John goes on to tell us that Jesus was then laid in a newly-hewn tomb. And on what day did that happen? The sixth day, the day before the Sabbath rest or seventh day. Just like God rested from his work on the seventh day of creation (Genesis 2.1-3), Jesus rested from his redemptive work on the Sabbath. Now in today’s gospel lesson, John makes it a point to tell us that the story continues early in the morning on the first day of the week, the eighth day, the day when God’s new creation bursts forth with the raising of Jesus from the dead. Note the same motifs we have just talked about. Mary comes to the tomb to anoint her Lord’s dead body. She doesn’t come there expecting to find Jesus alive. She comes there to take care of the dead. That is why she is so perplexed about finding an empty tomb. In all likelihood it meant that Jesus’ body had been victimized by grave robbers, not that he was raised from the dead. Peter and the beloved disciple are just as perplexed in finding the empty tomb with its grave clothes neatly folded. John tells us the beloved disciple believed, but not what he believed. Surely it wasn’t that Jesus was raised from the dead. Otherwise why would they have returned home?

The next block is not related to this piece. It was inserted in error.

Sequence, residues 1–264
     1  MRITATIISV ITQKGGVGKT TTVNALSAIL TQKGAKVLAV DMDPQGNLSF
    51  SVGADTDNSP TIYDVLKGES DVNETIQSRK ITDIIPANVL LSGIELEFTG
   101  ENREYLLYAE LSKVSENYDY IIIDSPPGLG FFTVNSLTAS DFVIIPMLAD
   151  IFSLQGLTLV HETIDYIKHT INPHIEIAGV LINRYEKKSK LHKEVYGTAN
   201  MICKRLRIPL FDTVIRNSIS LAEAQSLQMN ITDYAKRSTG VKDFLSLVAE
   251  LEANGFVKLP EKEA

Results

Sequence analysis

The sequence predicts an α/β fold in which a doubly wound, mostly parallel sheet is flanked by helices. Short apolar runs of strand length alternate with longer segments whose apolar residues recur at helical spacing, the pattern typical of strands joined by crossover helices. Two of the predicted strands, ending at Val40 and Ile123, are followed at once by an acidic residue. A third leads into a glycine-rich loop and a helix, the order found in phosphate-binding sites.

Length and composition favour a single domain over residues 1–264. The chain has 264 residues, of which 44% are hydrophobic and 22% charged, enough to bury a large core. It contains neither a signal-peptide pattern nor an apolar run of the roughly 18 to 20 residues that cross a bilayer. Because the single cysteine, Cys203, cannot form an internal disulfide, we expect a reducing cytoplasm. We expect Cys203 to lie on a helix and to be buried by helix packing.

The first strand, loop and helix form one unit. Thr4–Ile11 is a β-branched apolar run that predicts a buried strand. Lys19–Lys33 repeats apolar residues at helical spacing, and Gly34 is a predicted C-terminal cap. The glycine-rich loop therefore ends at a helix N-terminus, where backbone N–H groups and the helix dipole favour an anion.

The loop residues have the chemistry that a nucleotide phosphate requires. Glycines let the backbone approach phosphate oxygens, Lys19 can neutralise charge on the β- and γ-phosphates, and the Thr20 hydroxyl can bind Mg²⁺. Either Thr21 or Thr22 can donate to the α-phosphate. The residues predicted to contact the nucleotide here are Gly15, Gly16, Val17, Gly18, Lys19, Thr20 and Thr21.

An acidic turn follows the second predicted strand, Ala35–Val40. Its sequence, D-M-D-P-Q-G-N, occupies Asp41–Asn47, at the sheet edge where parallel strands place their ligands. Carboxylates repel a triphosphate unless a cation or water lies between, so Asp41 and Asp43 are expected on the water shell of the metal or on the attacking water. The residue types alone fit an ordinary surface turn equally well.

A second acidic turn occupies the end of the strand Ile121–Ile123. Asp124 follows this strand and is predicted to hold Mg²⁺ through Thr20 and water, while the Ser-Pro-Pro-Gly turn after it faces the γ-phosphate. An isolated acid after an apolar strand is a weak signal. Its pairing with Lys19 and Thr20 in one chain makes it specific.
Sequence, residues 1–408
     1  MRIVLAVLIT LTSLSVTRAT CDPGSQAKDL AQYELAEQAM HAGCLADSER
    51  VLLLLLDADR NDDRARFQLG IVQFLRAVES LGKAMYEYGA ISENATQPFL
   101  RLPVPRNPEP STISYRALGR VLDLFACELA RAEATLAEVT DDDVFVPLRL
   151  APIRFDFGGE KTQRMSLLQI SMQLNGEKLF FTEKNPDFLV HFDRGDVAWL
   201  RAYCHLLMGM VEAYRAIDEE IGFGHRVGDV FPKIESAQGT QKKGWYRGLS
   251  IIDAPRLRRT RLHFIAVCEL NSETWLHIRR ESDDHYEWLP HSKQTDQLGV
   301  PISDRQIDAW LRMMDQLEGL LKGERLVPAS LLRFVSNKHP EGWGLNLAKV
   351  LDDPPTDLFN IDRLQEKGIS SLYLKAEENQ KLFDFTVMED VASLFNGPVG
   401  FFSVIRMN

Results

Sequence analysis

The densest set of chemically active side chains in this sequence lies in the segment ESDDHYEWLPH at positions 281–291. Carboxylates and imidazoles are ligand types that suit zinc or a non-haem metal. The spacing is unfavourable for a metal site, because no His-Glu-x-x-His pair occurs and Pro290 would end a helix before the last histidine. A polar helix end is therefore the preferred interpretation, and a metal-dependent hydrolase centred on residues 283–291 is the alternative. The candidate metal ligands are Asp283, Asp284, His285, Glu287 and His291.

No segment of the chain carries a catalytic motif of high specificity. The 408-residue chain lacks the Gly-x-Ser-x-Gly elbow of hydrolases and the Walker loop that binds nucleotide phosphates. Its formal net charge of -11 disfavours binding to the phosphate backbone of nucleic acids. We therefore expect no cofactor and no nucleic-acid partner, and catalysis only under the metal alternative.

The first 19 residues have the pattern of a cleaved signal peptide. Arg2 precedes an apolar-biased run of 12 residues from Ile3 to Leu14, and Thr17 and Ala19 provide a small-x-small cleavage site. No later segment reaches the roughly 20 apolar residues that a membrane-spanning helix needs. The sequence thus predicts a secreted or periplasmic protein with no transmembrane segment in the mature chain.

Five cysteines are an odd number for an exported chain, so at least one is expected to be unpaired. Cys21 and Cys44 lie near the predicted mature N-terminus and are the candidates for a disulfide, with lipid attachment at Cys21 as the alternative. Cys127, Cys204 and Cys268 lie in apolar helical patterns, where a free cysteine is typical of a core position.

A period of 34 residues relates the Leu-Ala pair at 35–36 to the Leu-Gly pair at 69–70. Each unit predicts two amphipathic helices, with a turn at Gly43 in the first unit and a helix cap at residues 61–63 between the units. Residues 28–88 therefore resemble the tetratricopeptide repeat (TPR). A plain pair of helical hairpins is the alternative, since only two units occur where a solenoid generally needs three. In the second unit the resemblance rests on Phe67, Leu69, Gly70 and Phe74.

Notice too that Mary does not recognize our Lord when he first appears to her. She assumes he is the gardener, and here we see John’s brilliance shine forth again. Think back to the first gardeners of God’s original creation. Adam and Eve took care of paradise before their sin got them expelled. Here Mary mistakes Jesus for a gardener, but in one sense she is quite correct. Here is Jesus, the new gardener and person responsible for the beginning of God’s new creation in which human beings will once again be able to live and care for paradise. This is hardly simplistic theology, my beloved. Notice too, that the story John tells us does not make much sense without our knowledge and understanding of the larger story of God’s creation, the devastating impact of human sin on it, and God’s subsequent plan to heal and redeem it and us through the family of Abraham and his ultimate descendant, Jesus the Messiah. And like Paul, John too alludes to the fact that Jesus will ascend to the Father to assume his rightful rule as Lord over all God’s creation. In telling Mary not to hold onto him, Jesus seems to be telling her that from now on, she will have to get used to interacting with him in a different way than which she was accustomed because he will no longer be physically present to her after he has ascended into heaven. But please do notice that she was able to touch him. This is resurrection.